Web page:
Day Trip to Teotihuacan: History and Mystery
Teotihuacan: ancient pyramids discovered by the Aztecs and turned into the largest metropolis in pre-Columbian America, and largely forgotten by history until the twentieth century. This archaeological site is shrouded in mystery, full of architectural splendors, and a mere 1-hour trip away from Mexico City, so when Juan Pablo and I visited Mexico City recently, we simply had to visit.
Like all day trips crammed into short international vacations, we wracked our brains about the best way to get there, and how to spend our time once we arrived. Before telling you about our experience getting to and exploring the pyramids, let me give you some options for getting there:
Public transportation. Take a bus from the Terminal Central del Norte del D.F. (accessible by Metro on the “Autobuses del Norte” station) to the Zona Archaeoligica. Buses run from 6am until 10pm, and leave every 15 minutes in both directions. When returning from the pyramids, the bus stop is available at doors 1, 2, or 3. This will cost you about $5 USD roundtrip.
Tour companies. There are tons of companies and/or individual guides willing to transport you and give a tour of Teotihuacan. This typically costs around $40 USD.
Uber. Tight on time, or don’t want a tour? Uber will get you there and back for about $40 USD.
Not having planned very well, and crunched for time, Juan Pablo and I decided to take Uber. It was ultraconvenient, but far pricier than public transportation. When we arrived in the town where Teotihuacan is located, we made a pit stop at the market, and had breakfast at one of the stalls. We had coffee (of course) and delicious Mexican style scrambled eggs with tomato, onions, peppers, and served with warm handmade tortillas and refried beans. All of this food for the two of us cost less than $5 USD. Not to mention it was one of the most delicious breakfasts we had in Mexico. After breakfast, we walked over to a taxi stand, which delivered us to the archaeological site for les than $2 USD. We then paid the approximately $4 USD entry fee, and then set off on our adventure.
So what is Teotihuacan?
Discovered most recently in the early twentieth century, archaeologists uncovered this magnificent city site. The city is thought to have been built as early as 400 BC, but became a thriving city between 100 and 700 AD. Little is known about the people who built and inhabited the city at that time. At its height, though, it is believed to have been a major trading post with thriving agricultural practices that housed between 100,000 and 200,000 people. Furthermore, headless human remains along with wild animal remains that were discovered beneath the pyramids have led scholars to hypothesize that whatever religion was practiced involved human and animal sacrifice. Beyond these basic details, though, nobody knows what language was spoken, where these people came from, or where they went when they abandoned the city around 750 AD (though some speculate that an internal war caused the ruling class to flee, and consequently the city’s power over the region waned).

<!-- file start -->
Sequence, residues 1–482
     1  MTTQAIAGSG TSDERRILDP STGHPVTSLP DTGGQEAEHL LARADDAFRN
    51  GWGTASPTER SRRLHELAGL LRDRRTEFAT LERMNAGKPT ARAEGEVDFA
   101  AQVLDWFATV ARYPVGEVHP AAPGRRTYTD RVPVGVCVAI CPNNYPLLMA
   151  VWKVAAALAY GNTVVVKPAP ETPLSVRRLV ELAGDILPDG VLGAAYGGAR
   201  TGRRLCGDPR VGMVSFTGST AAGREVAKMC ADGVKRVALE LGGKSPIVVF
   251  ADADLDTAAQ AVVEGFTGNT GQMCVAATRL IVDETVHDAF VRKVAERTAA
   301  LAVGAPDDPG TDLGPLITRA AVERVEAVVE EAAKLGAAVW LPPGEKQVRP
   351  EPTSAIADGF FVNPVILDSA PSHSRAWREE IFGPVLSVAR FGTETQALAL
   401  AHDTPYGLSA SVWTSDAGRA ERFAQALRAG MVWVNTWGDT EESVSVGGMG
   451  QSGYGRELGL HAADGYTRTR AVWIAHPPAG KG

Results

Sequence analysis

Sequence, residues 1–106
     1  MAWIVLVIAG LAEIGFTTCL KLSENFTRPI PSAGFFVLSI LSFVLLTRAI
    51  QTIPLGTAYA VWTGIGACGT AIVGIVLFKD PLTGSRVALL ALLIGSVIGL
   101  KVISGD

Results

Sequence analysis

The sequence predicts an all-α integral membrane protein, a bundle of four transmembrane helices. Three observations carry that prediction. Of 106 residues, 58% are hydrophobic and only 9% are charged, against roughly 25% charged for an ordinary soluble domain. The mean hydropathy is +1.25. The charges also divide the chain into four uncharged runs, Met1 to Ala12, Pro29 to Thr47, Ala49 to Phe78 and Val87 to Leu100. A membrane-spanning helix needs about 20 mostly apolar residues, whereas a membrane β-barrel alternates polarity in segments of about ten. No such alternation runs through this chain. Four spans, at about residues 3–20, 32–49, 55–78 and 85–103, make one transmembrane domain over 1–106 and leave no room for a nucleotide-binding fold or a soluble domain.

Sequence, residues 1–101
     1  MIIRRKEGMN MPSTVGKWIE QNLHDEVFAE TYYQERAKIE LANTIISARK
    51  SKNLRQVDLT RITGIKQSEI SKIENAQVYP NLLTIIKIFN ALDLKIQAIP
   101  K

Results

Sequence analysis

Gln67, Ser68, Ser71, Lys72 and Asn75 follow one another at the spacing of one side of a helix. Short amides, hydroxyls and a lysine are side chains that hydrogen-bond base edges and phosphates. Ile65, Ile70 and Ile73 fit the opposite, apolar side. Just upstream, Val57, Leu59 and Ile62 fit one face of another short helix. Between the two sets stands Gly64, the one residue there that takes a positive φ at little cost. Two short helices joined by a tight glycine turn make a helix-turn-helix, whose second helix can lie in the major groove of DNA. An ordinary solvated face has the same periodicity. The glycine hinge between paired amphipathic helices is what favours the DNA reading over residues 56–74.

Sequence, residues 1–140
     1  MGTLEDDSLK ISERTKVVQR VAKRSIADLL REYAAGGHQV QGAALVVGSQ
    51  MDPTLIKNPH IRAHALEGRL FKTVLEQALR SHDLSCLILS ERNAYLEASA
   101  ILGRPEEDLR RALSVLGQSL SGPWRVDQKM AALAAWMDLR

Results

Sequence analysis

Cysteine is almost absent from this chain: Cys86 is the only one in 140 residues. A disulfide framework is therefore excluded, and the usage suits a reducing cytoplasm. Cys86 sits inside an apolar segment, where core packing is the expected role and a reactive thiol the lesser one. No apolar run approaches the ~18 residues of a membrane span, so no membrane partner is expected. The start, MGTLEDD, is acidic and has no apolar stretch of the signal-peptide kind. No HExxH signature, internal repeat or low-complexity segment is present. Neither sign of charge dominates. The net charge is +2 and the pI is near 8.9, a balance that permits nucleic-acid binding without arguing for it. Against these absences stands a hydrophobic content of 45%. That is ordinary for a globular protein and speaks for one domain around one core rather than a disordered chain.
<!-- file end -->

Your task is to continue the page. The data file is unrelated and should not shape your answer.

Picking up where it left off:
Around 1300 AD the Aztecs discovered the ruins of Teotihuacan, and returned it once more to a thriving metropolis. Impressed by the architectural majesty, the Aztecs claimed this was the place where gods sacrificed themselves so that the world could be reborn. The city was important not only as a religious site for the Aztecs, but also as a place for trade and inhabitants.
What does it look like today?
Pyramid of the Sun, towering above 200 feet
Have questions about Teotihuacan or Mexico City? Leave us a comment or send us an email – we’d love to help out!
Laura is one half of the traveling couple behind CoupleTakes. When she’s not traveling, she works as a law librarian in Las Vegas, NV and loves exploring the beautiful desert landscapes in the Southwestern United States on the weekends. Read her posts here.
Juan Pablo is one half of the traveling couple behind CoupleTakes. When he is not traveling he is at a desk somewhere pursuing his studies for his PhD Program in Modern Thought & Literature at Stanford University. Read his posts here.